This seems like a broken record, but the last 24 hours have turned the standoff in Eastern Ukraine from a “ceasefire” to a hot war that doesn’t appear to be cooling down soon.

On Friday, June 20, Ukraine President Petro Poroshenko announced a unilateral one-week cease-fire by his government as a way to deescalate the crisis with pro-Russian rebels in Eastern Ukraine. Poroshenko announced to ceasefire with an ultimatum for the rebels: disarm or leave Ukraine.

Poroshenko called the 7-day cease-fire, which was to begin later on Friday, a first-step in a larger agreement, not only giving separatists a chance to disarm, but also for pro-Russia rebels to leave the country, the Kiev Post reports.

He called on separatists to lay down their weapons, or else be “destroyed,” the President said.

“The forces of the anti-terrorist operation will halt military action starting today and through June 27,” Poroshenko was cited as saying by the Interior Ministry on its website.

Probably to no one’s surprise, the ceasefire was violated several times in the last 10 days mainly by the pro-Russian forces.

So as July dawned in Ukraine, the ceasefire was over and heavy fighting broke out in the separatist eastern regions.

The speaker of Ukraine’s parliament, Oleksandr Turchynov, told lawmakers the government’s “anti-terror operation” against pro-Russia separatists had been “renewed.”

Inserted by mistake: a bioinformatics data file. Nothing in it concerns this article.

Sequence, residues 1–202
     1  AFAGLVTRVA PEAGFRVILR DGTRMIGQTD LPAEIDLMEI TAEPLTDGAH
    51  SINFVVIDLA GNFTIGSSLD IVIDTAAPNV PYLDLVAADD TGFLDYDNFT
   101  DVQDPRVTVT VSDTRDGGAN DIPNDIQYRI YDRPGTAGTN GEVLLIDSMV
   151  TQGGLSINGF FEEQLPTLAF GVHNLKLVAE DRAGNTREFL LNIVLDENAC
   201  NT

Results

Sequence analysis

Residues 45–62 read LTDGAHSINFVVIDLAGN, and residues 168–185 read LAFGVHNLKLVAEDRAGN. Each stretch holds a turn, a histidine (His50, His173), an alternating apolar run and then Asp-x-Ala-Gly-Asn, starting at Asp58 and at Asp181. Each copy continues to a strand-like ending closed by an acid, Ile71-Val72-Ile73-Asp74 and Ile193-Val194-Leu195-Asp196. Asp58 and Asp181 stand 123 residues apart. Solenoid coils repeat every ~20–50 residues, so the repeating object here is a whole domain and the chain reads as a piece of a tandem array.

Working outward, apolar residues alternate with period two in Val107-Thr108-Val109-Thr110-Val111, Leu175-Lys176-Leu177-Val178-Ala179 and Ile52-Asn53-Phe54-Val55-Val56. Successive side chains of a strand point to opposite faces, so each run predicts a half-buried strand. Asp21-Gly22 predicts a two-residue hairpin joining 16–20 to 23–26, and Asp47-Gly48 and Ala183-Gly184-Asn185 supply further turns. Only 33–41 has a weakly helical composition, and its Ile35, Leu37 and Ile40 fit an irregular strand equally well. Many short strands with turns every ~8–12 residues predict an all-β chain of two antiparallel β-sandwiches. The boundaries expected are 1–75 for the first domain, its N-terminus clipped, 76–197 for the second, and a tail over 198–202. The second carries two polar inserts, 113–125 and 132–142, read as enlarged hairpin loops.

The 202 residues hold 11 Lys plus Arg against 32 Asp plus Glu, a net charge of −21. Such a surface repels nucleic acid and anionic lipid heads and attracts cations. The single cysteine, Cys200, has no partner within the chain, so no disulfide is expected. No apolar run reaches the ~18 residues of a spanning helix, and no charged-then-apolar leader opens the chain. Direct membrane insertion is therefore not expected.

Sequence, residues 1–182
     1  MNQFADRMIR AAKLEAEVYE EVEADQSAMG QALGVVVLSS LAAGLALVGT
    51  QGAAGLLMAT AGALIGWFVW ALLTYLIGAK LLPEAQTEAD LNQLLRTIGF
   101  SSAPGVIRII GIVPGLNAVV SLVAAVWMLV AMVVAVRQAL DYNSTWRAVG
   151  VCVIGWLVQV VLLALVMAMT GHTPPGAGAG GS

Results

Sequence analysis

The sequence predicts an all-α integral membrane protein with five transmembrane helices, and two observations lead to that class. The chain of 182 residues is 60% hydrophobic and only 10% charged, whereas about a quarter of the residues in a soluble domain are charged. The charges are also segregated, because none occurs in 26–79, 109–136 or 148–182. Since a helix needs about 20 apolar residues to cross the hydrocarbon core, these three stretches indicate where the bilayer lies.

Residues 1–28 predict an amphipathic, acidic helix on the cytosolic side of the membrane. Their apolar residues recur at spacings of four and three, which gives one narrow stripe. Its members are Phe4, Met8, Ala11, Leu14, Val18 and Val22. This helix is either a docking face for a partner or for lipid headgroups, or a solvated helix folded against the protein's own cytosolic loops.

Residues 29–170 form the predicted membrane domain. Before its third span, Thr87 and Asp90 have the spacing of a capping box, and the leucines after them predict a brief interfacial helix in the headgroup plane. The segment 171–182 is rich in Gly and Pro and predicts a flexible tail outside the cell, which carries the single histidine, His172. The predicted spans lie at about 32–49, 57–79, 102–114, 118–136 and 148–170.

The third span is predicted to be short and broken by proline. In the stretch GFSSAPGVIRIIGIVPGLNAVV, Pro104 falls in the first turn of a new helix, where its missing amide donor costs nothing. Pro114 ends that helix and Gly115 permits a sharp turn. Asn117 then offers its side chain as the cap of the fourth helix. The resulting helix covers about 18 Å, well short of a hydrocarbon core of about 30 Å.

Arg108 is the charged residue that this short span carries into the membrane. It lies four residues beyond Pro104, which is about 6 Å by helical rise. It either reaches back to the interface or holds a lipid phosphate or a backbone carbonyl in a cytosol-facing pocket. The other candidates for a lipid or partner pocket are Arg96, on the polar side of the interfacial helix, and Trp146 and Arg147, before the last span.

The announcement came hours after Ukrainian President Petro Poroshenko said that his country would not renew a cease-fire with the separatists, vowing instead to “attack and liberate our land.”

“Termination of cease-fire is our response to terrorists, insurgents, marauders … and (those who) deprive people of normal peaceful life,” Poroshenko said.

U.S. and NATO officials were quick to blame Russia and Vladimir Putin for not taking advantage of the ceasefire to de-escalate the crisis.

Reports began to trickle in via Twitter early Tuesday morning that Ukraine forces had renewed their efforts to defeat the pro-Russian rebels.

Also on Tuesday, Russian President Vladimir Putin commented on the latest developments in Ukraine but didn’t hint that the fighting would end anytime soon.

Putin did suggest, however, that he believes he has wide latitude to protect Russian people — including in all parts of the world, apparently.

While the United States has been mostly focused on the advance of the Islamic army ISIS in Iraq, Ukraine has flared up and again presents a challenge to the West on how to deal with a resurgent and unrelenting Russia knocking on its doorstep.

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